Table 4 shows the performance comparison of our scheme with Lee et al.'s SGPAKE scheme (Lee et al., 2013), Abdalla et al.'s scheme (Abdalla et al., 2006), Dutta and Barua's scheme (Dutta and Barua, 2006), Kim et al.'s scheme (Kim et al., 2004) and Boyd and Nieto's scheme (Boyd and Nieto, 2003). Boyd and Nieto's scheme (Boyd and Nieto, 2003) and Kim et al.'s scheme (Kim et al., 2004) are based on the public key infrastructure (PKI) and they provide higher security. However, they are required to maintain the complex and heavy public key systems, and also the users must hold extra storage for keeping public/private key pairs. Moreover, Boyd and Nieto's scheme (Boyd and Nieto, 2003) lacks forward security, but Kim et al.'s scheme (Kim et al., 2004) protocol can provide the forward security. Abdalla et al.'s scheme (Abdalla et al., 2006),

Dutta and Barua's scheme (Dutta and Barua, 2006), Lee et al.'s scheme (Lee et al., 2013) and our proposed improved scheme are not required to maintain the public key system. Each user only needs to remember his/her weak password without any extra equipment for storing long-term secret keys. Lee et al.'s scheme (Lee et al., 2013) requires expensive exponential computations than Dutta and Barua's scheme and Abdalla et al.'s scheme. However, Zhang et al. (2012) showed that Dutta and Barua's scheme (Dutta and Barua, 2006) is insecure. In addition, Dutta and Barua's scheme and Abdalla et al.'s scheme do not provide users' privacy. In Lee et al.'s SGPAKE scheme (Lee et al., 2013), it needs to compute four exponents gx'Mpw', K, — {tN^r — gx'y', Z — (K-)x' and Z+ — (K,)x' , whereas the values Mpw' and Npw' are pre-computed. Instead of computing the parameters K' — gx'y', Ki_1 — gx'-1y'-1 and K — gx'+1y' in Step 2 of the authentication and key exchange phase in Lee et al.'s SGPAKE scheme, we have computed ekt — gx'y', Ki-1 — gx'-1y?-1 and K — gx'+1y?. As a result, our improved scheme takes only one extra field exponentiation to compute the encryption key eki (at the server side) to enhance the security of Lee et al.'s SGPAKE scheme. As in Abdalla et al.'s scheme, Dutta-Barua's scheme, Kim et al.'s scheme, Boyd-Nieto's scheme and Lee et al.'s SGPAKE scheme, in our scheme we have also omitted the exponents required to compute the secret value skt — Zn x x X+2 x'"x X+n-1. In addition, our scheme does not require any public key encryption and decryptions, whereas Boyd-Nieto's scheme requires a total of 2(n - 1) public key encryption and decryptions, where n is the number of members in a dynamic group Sn. Our scheme, Abdalla et al.'s scheme, Dutta-Barua's scheme and Lee et al.'s SGPAKE scheme do not require any cost for generating and verifying signatures. However, in Kim et al.'s scheme and Boyd-Nieto's scheme the number of signature generation and verification is 2n and n, respectively. From this table, it is clear that our scheme is efficient as compared to other schemes. Furthermore, our scheme provides formal security analysis and verification using AVISPA tool. Considering better security as compared to other related schemes, our scheme is much more applicable for practical applications.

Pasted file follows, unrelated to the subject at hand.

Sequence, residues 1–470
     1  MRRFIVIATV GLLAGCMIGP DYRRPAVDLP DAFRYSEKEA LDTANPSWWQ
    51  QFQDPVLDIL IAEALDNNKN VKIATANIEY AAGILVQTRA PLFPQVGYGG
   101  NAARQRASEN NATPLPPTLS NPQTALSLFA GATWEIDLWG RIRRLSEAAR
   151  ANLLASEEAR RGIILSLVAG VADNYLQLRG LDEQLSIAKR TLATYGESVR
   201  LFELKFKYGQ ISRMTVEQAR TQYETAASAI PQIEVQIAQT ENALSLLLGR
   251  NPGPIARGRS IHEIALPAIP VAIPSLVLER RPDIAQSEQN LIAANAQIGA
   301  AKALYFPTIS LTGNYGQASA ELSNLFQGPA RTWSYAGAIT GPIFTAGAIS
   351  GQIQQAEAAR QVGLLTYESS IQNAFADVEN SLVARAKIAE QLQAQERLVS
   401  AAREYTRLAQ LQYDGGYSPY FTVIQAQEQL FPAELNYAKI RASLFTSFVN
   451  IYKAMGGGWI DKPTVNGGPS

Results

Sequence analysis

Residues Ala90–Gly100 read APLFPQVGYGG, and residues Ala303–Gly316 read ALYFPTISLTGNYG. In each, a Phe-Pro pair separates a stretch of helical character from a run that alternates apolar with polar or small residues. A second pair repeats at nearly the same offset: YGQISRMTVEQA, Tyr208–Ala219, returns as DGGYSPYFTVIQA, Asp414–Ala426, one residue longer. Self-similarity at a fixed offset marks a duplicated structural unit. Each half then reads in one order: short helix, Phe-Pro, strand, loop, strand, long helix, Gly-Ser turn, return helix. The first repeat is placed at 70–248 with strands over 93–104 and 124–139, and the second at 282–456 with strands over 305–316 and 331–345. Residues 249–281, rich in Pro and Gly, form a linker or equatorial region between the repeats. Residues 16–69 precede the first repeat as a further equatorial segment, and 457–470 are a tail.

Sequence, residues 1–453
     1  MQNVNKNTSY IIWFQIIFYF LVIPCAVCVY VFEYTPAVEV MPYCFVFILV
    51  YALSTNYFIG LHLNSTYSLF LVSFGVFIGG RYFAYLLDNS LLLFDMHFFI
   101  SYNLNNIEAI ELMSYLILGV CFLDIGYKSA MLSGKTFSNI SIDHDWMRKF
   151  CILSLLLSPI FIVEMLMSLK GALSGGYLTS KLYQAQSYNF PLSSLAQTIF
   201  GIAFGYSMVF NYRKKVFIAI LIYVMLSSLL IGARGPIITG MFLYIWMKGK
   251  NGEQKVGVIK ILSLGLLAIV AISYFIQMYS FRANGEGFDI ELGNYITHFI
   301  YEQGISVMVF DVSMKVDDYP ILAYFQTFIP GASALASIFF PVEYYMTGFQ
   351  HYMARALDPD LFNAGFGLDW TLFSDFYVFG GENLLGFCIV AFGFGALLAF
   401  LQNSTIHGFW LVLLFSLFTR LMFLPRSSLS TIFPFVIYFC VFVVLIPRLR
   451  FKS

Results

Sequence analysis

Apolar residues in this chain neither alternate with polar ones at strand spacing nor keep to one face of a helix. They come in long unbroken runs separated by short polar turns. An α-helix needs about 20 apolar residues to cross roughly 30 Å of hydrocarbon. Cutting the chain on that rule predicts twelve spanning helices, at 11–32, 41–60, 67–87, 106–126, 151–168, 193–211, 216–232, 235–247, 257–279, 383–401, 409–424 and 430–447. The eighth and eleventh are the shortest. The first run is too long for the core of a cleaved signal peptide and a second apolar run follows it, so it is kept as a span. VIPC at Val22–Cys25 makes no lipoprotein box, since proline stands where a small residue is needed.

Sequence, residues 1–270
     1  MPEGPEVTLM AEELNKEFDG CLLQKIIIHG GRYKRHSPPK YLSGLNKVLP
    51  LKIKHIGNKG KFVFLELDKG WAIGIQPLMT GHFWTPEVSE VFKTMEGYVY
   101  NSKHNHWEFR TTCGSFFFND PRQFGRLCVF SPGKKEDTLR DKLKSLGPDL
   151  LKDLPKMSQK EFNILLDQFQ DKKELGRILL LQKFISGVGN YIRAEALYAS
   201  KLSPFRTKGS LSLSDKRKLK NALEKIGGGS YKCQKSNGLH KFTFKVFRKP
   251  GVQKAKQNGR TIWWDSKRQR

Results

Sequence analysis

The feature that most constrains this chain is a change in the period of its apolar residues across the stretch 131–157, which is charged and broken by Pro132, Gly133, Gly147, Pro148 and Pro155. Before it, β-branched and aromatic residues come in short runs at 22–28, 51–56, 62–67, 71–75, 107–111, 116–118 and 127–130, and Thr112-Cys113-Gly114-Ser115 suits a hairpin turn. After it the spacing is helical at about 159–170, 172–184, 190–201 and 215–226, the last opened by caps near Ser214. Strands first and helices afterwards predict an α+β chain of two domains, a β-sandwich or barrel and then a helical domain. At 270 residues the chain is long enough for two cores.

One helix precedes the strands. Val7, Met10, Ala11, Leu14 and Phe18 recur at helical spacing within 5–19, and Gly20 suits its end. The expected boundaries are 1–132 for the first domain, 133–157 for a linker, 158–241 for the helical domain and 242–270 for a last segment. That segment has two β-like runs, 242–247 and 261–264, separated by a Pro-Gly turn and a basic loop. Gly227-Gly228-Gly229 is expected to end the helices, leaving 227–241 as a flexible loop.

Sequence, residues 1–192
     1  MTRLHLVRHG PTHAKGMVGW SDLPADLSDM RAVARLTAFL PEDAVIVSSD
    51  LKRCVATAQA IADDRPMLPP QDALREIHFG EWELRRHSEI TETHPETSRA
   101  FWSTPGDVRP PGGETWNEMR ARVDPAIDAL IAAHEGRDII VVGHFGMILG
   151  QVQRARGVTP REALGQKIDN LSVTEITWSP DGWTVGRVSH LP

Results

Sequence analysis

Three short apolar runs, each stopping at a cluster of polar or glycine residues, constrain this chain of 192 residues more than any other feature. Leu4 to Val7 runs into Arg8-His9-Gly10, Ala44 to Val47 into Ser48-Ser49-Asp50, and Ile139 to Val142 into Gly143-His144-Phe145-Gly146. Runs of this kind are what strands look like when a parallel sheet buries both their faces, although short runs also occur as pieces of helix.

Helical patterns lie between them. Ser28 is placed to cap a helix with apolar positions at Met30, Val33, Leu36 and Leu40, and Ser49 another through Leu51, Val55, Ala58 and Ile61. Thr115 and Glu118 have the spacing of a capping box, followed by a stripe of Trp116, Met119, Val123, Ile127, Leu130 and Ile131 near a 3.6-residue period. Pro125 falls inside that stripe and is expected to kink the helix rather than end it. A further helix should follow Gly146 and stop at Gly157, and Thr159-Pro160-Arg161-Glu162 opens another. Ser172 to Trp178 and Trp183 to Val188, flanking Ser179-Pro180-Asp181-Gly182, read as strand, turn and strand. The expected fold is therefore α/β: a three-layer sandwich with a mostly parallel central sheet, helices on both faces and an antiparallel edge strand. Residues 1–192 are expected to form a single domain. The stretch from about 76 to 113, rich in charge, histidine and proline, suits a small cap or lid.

Table 4 Comparison of our improved scheme with related schemes.

Abdalla et al. (2006) Dutta and Barua Kim et al. Boyd and Nieto Lee et al. Ours

(2006) (2004) (2003) (2013)

User's public key No No Yes Yes No No

Formal security Yes Yes Yes Yes No Yes

User's privacy A password shared A password shared PKI based PKI based A private A private

with all users with all users password password

Asymmetric en/ 0 0 0 2(n - 1) (total) 0 0

decryption

Signing/verifying 0 0 2n (total) n (total) 0 0

Exponentiation 3 3 2 0 4(2a) 5(2a)

Symmetric encryption/ 3 n + 3 0 0 1 1

decryption

Whether provides Yes No Yes No Yes Yes

forward security

Whether provides users' No No Yes Yes No Yes

privacy

a Two modular exponential computations can be pre-computed and thus they are ignored

9. Conclusion

In this paper, we have first reviewed Lee et al.'s SGPAKE scheme. We have then shown that their scheme is vulnerable to off-line password-guessing attack and thus, their scheme fails to provide the users' privacy property. To remedy the security weakness found in Lee et al.'s SGPAKE scheme, we have proposed an effective improvement over Lee et al.'s SGPAKE scheme while retaining the original merits of Lee et al.'s SGPAKE scheme. We have provided both informal and formal security analysis of our scheme, and shown that our improved scheme is secure against various known attacks including off-line weak password guessing attack which is found in Lee et al.'s SGPAKE scheme. Therefore, our scheme provides data as well as users' privacy whereas Lee et al.'s scheme does not provide those properties. Moreover, our improved scheme is also efficient as compared to the other related schemes such as Abdalla et al.'s scheme, Dutta-Barua's scheme, Kim et al.'s scheme, Boyd-Nieto's scheme, and Lee et al.'s scheme. In addition, we have simulated our scheme for the formal security analysis using the widely-accepted AVISPA tool and shown that our scheme is secure against active and passive attacks. As a result, our scheme is much suitable for practical scenarios as compared to Lee et al's SGPAKE scheme and other related schemes.

Acknowledgment

The authors would like to acknowledge the many helpful suggestions of the anonymous reviewers and the Editor-in-Chief, which have improved the content and the presentation of this paper.